# Lakhmir Singh Solutions for Class 9th Physics Chapter 2: Force and Laws of Motion

The chapter revolves around the force, effect, types, laws of motion –its applications and illustrations, momentum, and conservation. In simple words, a push or pull applied to an object is called force, but its concept is not so simple. Force can be classified into two types:

• Balanced force
• Unbalanced force

While reading this chapter, the students will get to know about the most fundamental concept of physics, i.e. Newton's laws of motion and their applications.

• The first law states that a body continues to be in rest or motion until and unless an external force is applied to it.
• The second law states that the change rate of a body is directly proportional to the force applied. A cricket player moving his hands backwards on catching a fastball, the use of a seat belt in cars, and the high jump case are certain cases where Newton's second law of motion is applicable.
• The third law states that there is an equal and opposite reaction to every action of a body. Therefore, the action and reaction force acts on two different bodies. Recoiling of a gun, flying of jet planes, the case of a boat and a ship or hose pipe, a horse pulling a cart are certain cases where Newton's third law is applicable.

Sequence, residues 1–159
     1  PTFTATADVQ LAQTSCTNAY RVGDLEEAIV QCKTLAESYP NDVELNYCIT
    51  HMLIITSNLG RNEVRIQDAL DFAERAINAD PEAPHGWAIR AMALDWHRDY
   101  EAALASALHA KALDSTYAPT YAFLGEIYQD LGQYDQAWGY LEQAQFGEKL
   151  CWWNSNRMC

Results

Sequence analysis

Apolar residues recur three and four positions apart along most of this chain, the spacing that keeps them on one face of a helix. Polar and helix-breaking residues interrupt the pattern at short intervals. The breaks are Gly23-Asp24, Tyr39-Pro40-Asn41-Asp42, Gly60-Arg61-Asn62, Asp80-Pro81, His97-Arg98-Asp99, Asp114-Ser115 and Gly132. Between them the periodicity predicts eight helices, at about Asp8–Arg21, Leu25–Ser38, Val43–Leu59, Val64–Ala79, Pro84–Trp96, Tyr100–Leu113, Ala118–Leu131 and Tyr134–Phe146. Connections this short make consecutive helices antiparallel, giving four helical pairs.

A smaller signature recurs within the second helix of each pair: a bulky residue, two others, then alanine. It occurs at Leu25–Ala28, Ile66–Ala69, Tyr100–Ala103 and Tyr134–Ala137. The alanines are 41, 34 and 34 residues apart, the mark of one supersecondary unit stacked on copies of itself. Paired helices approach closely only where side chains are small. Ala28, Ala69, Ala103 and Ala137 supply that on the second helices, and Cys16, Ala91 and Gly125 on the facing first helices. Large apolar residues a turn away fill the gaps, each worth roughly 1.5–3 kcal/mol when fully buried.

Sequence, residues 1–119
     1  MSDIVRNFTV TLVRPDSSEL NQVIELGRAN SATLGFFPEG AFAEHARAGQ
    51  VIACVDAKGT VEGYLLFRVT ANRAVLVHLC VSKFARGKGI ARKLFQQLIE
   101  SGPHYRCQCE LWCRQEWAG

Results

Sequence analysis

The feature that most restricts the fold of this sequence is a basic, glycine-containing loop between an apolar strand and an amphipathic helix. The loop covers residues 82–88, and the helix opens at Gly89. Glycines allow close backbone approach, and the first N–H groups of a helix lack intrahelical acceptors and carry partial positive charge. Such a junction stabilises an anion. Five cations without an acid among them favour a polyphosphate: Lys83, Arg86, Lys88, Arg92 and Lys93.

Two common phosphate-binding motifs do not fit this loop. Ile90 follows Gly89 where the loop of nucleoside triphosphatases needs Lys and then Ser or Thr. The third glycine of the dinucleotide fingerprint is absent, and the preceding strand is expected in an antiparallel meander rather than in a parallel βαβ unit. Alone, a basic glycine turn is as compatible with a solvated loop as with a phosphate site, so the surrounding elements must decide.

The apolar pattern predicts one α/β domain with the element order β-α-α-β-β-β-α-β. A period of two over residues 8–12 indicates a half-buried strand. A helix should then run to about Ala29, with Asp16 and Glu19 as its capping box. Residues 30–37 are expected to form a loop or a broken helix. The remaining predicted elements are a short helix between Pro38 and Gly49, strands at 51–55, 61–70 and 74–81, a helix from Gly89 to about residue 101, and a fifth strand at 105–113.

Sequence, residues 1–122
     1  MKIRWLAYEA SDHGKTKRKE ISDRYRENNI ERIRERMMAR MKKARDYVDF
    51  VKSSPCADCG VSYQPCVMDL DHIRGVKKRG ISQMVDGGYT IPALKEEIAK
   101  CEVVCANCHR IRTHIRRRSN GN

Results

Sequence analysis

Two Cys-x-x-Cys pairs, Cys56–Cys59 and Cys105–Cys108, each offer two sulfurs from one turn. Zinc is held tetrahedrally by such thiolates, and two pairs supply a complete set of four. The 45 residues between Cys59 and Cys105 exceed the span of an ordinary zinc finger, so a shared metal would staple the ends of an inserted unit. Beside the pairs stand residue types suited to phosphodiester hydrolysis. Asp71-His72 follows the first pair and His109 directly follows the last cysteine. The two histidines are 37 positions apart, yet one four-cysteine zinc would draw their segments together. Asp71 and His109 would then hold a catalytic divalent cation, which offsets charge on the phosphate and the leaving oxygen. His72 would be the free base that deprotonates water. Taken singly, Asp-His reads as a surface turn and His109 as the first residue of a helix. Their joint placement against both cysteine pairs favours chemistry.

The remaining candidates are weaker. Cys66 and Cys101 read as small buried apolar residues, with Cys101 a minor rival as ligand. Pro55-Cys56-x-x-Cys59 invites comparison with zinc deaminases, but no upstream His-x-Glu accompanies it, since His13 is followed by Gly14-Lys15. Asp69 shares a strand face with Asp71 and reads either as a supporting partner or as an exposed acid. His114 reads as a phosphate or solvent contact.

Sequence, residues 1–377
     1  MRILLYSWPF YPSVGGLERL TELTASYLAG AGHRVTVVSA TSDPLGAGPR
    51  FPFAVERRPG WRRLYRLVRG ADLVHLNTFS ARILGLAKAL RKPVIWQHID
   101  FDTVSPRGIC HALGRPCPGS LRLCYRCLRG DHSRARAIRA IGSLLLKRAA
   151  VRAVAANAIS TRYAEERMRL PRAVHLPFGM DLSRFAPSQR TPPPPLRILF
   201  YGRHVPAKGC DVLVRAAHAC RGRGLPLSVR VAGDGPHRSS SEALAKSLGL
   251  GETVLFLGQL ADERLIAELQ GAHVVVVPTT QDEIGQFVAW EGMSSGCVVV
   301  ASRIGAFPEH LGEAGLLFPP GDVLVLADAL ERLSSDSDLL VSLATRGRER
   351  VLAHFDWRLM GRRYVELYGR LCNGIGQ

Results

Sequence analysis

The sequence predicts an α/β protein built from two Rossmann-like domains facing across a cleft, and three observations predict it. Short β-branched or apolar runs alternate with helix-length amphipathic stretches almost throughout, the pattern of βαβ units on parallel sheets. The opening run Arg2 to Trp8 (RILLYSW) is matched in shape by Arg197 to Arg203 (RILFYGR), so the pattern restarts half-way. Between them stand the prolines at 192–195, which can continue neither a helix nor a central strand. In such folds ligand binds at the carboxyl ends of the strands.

The chapter further explains the topic of "momentum". It can be explained as the product of the mass and velocity of a moving body. It is a vector quantity whose SI unit is kg.m/sec. Every moving body possesses momentum. E.g. a cricket ball, when thrown. Understanding the law of conservation of momentum is important as it can neither be created nor destroyed. When two or more bodies act upon one another, their total momentum remains constant, provided no external forces act. For example, whenever a gun fires a bullet, the momentum of the bullet and that of the gun remains the same.

Jet aeroplanes which include the expulsion of a large volume of gas, are certain examples of applications of the law of conservation of momentum to be studied in this chapter.